These opportunities often follow a familiar pattern for me. I am excited to hear an expert validate what we do as FS and outdoor practitioners, I am keen to know how we can further develop our practice, site and learning opportunities for children and I am without fail, at some point, amazed by the echo chamber I live in!

This last realisation is important, particularly here (Highlands, Scotland) where the ‘outdoorsy life’ is more common and accepted. Where access to incredible green space is not only a local park or the corner of a playing field but acres of ancient woodland! 

Children in our nursery know a pine cone from an acorn, they know how to climb a tree and build a den, not only do they know how but have the regular opportunity to practice and develop these skills. They can find badger prints and deer couches, light fires from fire rods and some have better knot skills than me (well nearly!)

I have come from inner city sites, where the things our children take for granted are seen with awe and wonder. I have known settings who ‘buy in’ sensory nature items without any provenance for the children or context or discovery. Our children however have seen men climb trees with chainsaws to fell the dead branches; where do we go from there?!

Something Kathryn said (almost as an aside) really struck a chord with me. We do less. We follow their lead. We allow them (shock horror) to feel ‘bored’ – or at least not ‘kept entertained’. Because that is when the magic happens, that is the preceding stage to creativity, to problem solving and flexing their imaginative muscle. That is when they can take ownership of their own learning and experience. This is the chance for them to enter deep child led play & flow.

We provide the environment (and dynamically risk assess it) we enrich it with loose parts & seeds of suggestion and then we begin the ‘practitioner dance’ of retreat, observe, wait, advance the learning…and repeat.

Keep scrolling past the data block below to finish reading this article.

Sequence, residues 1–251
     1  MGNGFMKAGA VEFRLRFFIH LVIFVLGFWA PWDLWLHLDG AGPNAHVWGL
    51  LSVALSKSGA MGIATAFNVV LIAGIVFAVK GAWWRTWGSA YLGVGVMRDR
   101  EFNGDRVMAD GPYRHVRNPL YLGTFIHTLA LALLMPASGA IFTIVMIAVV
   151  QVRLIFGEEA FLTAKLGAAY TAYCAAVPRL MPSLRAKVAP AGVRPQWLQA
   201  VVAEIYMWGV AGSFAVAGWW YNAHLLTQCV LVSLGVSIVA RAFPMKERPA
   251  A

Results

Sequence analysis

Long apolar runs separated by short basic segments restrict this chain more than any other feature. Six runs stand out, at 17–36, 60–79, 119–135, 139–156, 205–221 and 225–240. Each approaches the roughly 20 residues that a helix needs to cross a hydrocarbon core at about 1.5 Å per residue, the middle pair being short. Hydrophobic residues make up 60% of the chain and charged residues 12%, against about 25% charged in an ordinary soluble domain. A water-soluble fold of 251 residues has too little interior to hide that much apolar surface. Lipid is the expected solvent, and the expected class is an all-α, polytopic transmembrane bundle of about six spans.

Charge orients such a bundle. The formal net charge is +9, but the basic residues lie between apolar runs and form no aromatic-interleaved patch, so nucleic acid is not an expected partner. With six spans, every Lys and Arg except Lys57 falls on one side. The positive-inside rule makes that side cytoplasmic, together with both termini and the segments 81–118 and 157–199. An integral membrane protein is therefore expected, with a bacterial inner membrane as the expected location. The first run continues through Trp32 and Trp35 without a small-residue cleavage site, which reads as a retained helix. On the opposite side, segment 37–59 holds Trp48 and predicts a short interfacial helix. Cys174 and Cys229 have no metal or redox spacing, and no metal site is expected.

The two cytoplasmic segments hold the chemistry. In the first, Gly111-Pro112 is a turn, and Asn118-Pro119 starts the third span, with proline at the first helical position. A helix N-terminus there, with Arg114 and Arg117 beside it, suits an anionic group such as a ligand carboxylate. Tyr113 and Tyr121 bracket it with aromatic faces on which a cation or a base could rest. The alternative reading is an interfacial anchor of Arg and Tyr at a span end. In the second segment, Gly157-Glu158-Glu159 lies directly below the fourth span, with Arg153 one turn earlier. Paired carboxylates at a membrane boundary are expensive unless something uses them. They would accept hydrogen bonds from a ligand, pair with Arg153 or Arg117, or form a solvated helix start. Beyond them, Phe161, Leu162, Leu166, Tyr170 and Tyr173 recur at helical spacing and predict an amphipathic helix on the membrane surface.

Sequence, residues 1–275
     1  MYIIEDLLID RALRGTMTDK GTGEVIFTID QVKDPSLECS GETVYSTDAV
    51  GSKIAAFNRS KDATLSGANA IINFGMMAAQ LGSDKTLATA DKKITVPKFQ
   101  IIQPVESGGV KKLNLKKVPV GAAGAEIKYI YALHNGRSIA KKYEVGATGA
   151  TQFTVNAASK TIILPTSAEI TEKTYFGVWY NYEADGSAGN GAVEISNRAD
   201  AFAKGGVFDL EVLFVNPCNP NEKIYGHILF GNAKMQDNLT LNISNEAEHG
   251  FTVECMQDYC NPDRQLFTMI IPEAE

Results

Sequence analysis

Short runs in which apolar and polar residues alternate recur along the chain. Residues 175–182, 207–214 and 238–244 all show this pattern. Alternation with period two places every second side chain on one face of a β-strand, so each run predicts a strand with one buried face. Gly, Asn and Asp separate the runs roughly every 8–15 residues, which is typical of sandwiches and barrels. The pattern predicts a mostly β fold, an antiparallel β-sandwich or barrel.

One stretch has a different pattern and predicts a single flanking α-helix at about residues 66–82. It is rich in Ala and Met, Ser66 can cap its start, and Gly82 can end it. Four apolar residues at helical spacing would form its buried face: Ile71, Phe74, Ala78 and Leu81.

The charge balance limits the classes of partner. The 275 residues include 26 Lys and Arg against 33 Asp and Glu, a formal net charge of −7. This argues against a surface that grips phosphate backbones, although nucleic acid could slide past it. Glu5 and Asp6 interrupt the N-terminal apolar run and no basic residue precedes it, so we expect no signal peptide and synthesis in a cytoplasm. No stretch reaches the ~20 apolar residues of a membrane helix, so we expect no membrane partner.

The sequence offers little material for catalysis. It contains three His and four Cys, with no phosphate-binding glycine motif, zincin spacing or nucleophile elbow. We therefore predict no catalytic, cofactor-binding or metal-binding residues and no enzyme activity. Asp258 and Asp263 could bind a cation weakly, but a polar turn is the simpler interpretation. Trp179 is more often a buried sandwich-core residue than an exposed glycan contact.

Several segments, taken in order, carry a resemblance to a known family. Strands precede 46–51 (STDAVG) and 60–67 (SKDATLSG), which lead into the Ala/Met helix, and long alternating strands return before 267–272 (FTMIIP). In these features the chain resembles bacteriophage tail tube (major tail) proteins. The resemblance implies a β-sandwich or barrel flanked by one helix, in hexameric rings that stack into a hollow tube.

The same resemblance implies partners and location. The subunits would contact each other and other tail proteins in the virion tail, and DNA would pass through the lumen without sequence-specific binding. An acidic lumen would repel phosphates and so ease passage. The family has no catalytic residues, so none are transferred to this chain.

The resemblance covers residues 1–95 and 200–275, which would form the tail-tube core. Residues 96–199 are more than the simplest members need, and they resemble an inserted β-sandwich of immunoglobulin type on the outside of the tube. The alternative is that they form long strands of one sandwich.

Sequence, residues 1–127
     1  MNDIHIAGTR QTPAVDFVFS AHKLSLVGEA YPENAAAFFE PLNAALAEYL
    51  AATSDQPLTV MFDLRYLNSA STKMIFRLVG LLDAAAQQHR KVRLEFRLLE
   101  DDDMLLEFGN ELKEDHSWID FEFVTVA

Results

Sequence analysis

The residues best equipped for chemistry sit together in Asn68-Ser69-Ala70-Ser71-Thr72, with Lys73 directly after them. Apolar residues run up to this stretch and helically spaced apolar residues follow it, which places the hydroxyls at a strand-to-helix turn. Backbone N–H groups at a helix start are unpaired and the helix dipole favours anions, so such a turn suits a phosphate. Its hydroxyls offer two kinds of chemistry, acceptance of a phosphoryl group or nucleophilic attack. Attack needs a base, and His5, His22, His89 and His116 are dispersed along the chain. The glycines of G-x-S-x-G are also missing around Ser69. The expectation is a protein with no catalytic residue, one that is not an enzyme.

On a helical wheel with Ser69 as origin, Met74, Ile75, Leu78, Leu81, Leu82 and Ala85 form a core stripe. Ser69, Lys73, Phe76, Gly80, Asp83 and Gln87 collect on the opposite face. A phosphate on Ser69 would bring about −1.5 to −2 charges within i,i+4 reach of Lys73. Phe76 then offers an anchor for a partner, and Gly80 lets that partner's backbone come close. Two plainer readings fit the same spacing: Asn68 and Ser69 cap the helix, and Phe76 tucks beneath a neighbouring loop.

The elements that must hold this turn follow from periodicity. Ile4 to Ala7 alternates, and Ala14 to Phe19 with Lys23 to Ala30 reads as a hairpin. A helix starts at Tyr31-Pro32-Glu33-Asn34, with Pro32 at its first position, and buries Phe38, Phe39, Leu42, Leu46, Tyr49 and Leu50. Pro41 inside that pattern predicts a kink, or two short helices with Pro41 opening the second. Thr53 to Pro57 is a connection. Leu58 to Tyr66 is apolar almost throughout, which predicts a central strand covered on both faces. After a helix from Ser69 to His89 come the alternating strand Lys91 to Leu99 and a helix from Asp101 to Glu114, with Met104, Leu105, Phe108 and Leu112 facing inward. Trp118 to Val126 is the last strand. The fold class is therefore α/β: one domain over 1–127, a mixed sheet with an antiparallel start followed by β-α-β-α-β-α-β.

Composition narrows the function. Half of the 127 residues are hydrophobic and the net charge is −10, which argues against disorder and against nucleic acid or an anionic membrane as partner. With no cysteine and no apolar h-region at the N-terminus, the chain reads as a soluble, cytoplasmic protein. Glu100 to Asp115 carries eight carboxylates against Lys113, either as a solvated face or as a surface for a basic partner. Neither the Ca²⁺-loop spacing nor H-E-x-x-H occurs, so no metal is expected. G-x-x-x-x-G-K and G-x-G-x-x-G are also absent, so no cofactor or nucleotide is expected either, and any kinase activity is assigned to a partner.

We are also privileged to work closely with Juliet Robertson within our organisation. Juliet is a passionate and articulate advocate for ‘teachable moments’ within a setting like ours. She is on a one woman mission (if needs be, but fortunately is not alone!) to act as a translator or interpreter, making clear the learning that is occurring within an outdoor setting – the maths, literacy, fine and gross motor skills & things like ‘pre-handwriting’ skills etc. I often wish I could download her brain when writing up observations as she sees those links so automatically (fortunately I can read her books!)

We are in a time where that dialogue is critical. We know that what we’re doing works (learning & development) and that the wellbeing and health of the children (and practitioners) is far higher than an indoor setting. However we are still a minority. Its easy to forget when this is your daily experience but what we do is really very far out of a lot of peoples comfort zone. We have to ‘show our working out’ when reflecting on our practice, making decisions and identifying the learning.

Kathryn’s talk was (rightly) aimed at anyone in an early years setting. It was aspirational and practical with a focus on the evidence and benefits of some/any/all learning outside through risk and challenge. I feel we are somewhat ‘doing the practitioner dance’ with the early years ‘industry’ at the moment; sowing seeds of ideas, creating a positive learning environment, retreat, advance, support. Keep on doing and communicating. 

Attending great talks like this always lifts the spirits and gives opportunity to reflect on the bigger picture. Its exciting to be here, now, in a society that is progressive in its outdoor provision and attitudes to what we do. And it’s always good to meet others doing the ‘Outdoor Hokey Cokey’!

Unbusy

The importance of time to reflect

Today is my last day of annual leave (because as we all know weekends don’t count!)